If Jok can improve his defense, adjust to the pace of the game, and has a solid outing in the Summer League, the NBA sky seems to be the limit for Peter Jok. I didn’t hear it a ton last season from anyone else, but I thought every aspect of Jok’s shot took a leap forward from his junior to senior year. Sure, Fran McCaffery gave him the ultimate green light to shoot the ball, but there’s no question that his mechanics improved during his four years in Iowa City. Who’s to say the same couldn’t happen for him in the G League?
The last option for Jok would be to do what most Iowa players do after not hearing their name called on Draft night: make money playing ball overseas.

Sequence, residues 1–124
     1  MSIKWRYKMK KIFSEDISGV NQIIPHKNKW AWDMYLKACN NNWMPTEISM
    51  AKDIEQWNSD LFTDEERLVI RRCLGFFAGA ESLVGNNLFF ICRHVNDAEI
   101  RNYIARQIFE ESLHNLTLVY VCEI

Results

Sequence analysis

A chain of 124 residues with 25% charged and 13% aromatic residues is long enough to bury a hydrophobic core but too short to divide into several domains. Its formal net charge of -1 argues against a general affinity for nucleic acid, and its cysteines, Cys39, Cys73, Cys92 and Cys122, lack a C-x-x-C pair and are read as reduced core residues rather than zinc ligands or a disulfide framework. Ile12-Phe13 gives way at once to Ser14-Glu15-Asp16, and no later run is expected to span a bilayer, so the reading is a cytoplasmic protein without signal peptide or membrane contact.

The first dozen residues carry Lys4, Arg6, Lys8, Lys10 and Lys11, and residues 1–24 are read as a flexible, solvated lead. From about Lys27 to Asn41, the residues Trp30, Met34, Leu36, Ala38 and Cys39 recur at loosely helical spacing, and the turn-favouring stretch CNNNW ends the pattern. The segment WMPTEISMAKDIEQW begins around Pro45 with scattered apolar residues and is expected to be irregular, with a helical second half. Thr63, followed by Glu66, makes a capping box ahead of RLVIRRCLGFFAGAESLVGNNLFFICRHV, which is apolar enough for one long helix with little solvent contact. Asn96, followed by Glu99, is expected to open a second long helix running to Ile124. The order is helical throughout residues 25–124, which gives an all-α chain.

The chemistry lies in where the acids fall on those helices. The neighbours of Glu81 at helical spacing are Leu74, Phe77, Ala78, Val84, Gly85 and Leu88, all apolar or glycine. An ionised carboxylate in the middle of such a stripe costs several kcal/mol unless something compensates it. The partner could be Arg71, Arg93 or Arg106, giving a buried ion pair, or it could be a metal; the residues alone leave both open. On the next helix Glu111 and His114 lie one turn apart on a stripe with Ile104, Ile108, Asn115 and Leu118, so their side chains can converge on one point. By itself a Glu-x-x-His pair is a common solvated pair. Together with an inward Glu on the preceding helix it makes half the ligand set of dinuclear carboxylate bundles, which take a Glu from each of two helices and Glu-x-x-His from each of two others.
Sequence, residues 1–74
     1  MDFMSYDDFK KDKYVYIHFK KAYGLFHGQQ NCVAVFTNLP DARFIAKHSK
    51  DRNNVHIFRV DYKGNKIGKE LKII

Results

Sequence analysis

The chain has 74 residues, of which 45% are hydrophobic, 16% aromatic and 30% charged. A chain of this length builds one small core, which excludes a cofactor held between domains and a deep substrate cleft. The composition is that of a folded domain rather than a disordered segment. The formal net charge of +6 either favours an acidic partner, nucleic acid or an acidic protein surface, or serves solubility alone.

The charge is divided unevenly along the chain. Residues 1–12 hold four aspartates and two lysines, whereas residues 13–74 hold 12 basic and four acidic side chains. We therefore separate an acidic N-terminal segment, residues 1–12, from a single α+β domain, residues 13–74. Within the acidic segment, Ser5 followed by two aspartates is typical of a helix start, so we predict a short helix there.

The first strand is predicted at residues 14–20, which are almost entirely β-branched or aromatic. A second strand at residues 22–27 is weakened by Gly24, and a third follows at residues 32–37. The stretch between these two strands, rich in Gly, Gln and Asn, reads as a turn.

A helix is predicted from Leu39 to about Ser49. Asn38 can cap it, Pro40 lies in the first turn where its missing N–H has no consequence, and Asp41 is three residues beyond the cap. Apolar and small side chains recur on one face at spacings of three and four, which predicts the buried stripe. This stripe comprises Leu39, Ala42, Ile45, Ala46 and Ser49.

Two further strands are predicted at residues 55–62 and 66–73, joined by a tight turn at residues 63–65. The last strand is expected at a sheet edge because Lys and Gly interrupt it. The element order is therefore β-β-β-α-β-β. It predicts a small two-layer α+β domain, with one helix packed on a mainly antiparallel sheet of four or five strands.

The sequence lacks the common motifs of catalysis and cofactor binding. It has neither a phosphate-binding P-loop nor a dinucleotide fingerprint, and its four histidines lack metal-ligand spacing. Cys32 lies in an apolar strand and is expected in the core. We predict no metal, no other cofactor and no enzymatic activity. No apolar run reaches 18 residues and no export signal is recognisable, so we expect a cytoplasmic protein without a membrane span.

As long as Jok wants to continue playing basketball next season, there will be a spot for him somewhere. We’ve seen Iowa players of old play in all sorts of overseas leagues, including EuroLeague, the highest tier overseas basketball league. Jok could play a season (or two) overseas, bulk up and improve his game, while keeping his name out there for NBA teams. It pays better than the G League, but Jok would miss the chance to be signed or brought up to play in the NBA at a moment’s notice. If it comes between money or a shot at the NBA, the decision will be Jok’s alone.
There’s also the option of course that Peter decides to end his basketball career. Maybe he would join his brother’s philanthropic efforts, which would certainly be amicable. But from everything I’ve seen, we haven’t seen the last of Peter Jok on the basketball court, and I think I speak for most Hawkeye fans when I say that’s a very good thing.
What path do you think Peter Jok will take for the next step of his basketball career?